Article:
My small addition to the piles of verbiage on the newest Wikileaks revelations is to suggest that Saki’s classic short story Tobermory tells you most of what you need to know. Tobermory – the story of a cat that learns to talk, is really about how a small group of people deal with the collapse of the polite fictions through which they paper over individual self-interest and mutual dislike. No-one guards what they say in front of a cat, leading to consternation when Tobermory suddenly learns the English language.
“What do you think of human intelligence?” asked Mavis Pellington lamely.
“Of whose intelligence in particular?” asked Tobermory coldly.
“Oh, well, mine for instance,” said Mavis with a feeble laugh.
“You put me in an embarrassing position,” said Tobermory, whose tone and attitude certainly did not suggest a shred of embarrassment. “When your inclusion in this house-party was suggested Sir Wilfrid protested that you were the most brainless woman of his acquaintance, and that there was a wide distinction between hospitality and the care of the feeble-minded. Lady Blemley replied that your lack of brain-power was the precise quality which had earned you your invitation, as you were the only person she could think of who might be idiotic enough to buy their old car. You know, the one they call ‘The Envy of Sisyphus,’ because it goes quite nicely up-hill if you push it.”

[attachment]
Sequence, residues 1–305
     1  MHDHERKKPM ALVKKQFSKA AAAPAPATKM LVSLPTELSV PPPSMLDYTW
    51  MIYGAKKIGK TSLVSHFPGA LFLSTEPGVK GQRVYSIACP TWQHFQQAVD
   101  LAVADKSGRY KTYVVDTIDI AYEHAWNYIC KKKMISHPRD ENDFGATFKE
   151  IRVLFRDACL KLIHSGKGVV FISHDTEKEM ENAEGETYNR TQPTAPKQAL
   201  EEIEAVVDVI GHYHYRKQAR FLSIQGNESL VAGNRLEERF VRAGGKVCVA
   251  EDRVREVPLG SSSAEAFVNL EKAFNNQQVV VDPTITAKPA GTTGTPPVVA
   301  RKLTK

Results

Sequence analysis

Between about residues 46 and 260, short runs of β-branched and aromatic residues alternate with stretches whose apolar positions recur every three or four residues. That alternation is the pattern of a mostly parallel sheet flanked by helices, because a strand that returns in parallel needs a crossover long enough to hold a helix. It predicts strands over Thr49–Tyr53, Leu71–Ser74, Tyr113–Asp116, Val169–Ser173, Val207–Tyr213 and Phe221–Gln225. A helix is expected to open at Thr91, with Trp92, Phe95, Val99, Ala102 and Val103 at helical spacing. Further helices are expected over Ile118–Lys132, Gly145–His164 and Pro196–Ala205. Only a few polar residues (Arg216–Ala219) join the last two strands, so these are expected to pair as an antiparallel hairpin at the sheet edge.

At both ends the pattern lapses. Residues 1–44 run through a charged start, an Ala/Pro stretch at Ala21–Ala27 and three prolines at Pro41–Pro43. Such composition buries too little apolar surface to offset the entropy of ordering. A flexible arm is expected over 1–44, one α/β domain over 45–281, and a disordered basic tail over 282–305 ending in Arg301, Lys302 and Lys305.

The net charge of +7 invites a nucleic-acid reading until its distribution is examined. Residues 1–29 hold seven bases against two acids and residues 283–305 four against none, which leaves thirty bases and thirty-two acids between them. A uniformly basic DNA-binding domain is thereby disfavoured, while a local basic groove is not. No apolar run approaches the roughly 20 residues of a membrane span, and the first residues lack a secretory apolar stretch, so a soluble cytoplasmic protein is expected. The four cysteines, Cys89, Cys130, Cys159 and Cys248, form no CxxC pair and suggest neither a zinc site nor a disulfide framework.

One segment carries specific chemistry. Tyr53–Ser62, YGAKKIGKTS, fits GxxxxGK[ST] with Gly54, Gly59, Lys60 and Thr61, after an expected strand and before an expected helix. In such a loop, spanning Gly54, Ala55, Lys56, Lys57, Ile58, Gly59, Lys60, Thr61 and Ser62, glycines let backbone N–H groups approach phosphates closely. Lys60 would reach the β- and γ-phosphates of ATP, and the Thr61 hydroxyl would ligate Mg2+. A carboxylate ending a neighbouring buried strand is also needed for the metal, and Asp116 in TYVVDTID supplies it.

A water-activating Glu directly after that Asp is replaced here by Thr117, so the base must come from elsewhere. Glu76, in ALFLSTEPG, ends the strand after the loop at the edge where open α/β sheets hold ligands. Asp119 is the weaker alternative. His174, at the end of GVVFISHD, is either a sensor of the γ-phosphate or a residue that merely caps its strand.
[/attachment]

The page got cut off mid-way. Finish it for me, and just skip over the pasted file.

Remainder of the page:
Lady Blemley’s protestations would have had greater effect if she had not casually suggested to Mavis only that morning that the car in question would be just the thing for her down at her Devonshire home.
Diplomacy, even more than early twentieth century English house-parties, requires hypocrisy. Both diplomats and leaders pretend respect and even affection for regimes that they dislike and leaders whom they despise. When a source can definitively give the lie to these public remonstrations, it is obviously likely to lead to considerable friction (not necessarily because the target did not know he, she or it was detested – but because public expression of this detestation becomes an insult that cannot easily be discounted or ignored. If a number of prominent states had been hit by these revelations, there might be sufficient collective incentive to sweep the embarrassing bits under the Axminster. But that’s not the case here. I imagine that there are some very interesting conversations happening in State (a few blocks from my regular office) right about now.